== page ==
The assumption is what you make it. A lot of scientists assume everything is impossible until proven, but you are right that it is not the optimal way of going about things. Most scientists like that are not very successful, mostly because research requires child-like creativity at times. You have to throw out old assumptions to discover new things.

The whole reason they found this was because they considered the fact that arsenic could potentially take the place of phosphorous because of its atomic properties and went looking in a place with a lot of arsenic. There are similar theories that there could be silicon based lifeforms rather than carbon based lifeforms, for similar reasons. Not all scientists are pessimists.
 
2010-12-03 01:22:59 AM  
Another interesting article here:

Link

This discovery is apparently also startling because it was so easy. This twenty-something scientist found what they were looking for on the first try.

I get the impression that nobody discovered life like this before because nobody was dumb enough to look for life that didn't require phosphorus before. The implication is that there could be a lot more "alien" life to be found if you just ignore the rules about where life can be found.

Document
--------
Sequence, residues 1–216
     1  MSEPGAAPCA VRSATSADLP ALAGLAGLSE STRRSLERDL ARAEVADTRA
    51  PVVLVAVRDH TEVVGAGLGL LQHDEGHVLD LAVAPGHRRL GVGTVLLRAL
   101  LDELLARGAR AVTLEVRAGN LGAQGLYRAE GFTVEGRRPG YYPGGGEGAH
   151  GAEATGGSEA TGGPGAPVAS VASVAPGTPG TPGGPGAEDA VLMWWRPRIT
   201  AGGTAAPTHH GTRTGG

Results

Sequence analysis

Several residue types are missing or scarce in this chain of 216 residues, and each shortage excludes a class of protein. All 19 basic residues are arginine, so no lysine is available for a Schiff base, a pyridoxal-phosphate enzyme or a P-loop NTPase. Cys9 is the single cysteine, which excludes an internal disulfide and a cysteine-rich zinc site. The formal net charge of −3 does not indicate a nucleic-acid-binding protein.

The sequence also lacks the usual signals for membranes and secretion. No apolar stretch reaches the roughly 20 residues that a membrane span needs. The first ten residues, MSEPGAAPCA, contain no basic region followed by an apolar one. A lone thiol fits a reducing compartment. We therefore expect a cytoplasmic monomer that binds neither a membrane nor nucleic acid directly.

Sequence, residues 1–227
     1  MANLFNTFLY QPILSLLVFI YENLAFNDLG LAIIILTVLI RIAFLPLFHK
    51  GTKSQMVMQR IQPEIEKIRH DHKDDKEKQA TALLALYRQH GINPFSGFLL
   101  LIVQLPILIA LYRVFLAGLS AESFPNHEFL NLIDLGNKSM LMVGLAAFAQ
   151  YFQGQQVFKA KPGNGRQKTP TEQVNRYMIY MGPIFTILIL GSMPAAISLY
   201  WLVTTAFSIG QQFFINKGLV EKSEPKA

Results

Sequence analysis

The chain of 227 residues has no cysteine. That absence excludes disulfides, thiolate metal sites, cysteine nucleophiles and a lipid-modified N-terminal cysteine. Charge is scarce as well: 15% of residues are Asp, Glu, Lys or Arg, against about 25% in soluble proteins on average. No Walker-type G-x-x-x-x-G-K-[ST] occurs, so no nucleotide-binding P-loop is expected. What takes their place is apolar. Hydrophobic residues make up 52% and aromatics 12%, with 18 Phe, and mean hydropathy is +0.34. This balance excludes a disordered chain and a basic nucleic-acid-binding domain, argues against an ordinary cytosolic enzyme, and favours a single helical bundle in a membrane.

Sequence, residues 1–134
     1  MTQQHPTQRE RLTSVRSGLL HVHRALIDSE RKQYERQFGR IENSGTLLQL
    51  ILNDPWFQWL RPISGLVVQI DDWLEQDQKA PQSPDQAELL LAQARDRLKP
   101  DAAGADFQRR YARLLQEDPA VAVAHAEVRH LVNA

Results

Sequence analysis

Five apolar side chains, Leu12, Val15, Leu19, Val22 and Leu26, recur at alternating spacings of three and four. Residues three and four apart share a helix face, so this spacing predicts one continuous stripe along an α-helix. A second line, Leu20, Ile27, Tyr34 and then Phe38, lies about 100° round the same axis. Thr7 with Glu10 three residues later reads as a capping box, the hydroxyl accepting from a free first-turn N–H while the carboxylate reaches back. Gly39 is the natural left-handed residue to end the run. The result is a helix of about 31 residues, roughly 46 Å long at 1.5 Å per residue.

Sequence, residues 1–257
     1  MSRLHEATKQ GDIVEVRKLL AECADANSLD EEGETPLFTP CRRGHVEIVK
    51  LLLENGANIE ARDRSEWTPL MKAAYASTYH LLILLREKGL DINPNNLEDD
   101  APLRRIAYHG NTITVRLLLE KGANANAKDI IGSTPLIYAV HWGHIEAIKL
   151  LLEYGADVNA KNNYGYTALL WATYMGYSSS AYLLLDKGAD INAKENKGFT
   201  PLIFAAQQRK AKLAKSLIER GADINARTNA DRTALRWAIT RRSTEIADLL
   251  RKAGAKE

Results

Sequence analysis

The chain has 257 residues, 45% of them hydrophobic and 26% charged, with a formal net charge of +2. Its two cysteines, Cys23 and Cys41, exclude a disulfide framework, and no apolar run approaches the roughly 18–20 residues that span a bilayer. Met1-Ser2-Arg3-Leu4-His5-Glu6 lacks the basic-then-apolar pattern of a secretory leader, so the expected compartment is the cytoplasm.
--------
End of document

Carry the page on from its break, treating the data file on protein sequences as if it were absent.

2010-12-03 03:03:06 AM  
TofuTheAlmighty: Dammit, they don't "live off" arsenic - they're still carbon-based.

And.. that has what to do with what this thing "lives off" of?

/There's more than one thing.
 
2010-12-03 05:12:17 AM  
Thank Fark for Nasa and its attention-whoring.

2008 BBC article (new window)

Old news is so exciting...

/The "news" was actually published in Nature in 2008
 
2010-12-03 06:18:33 AM  
I´m much more into physical chemical stuff, but I have to say my favourite chemistry class was inorganic because of stuff like this.
 
2010-12-03 06:33:54 AM  
Did the author seriously use the word "frak"?
 
2010-12-03 08:32:25 AM  
Dancis_Frake: Thank Fark for Nasa and its attention-whoring.

2008 BBC article (new window)

Old news is so exciting...

/The "news" was actually published in Nature in 2008


Very different story. One uses As in a chemical pathway, while the other actually incorporates it into it's structure in place of P.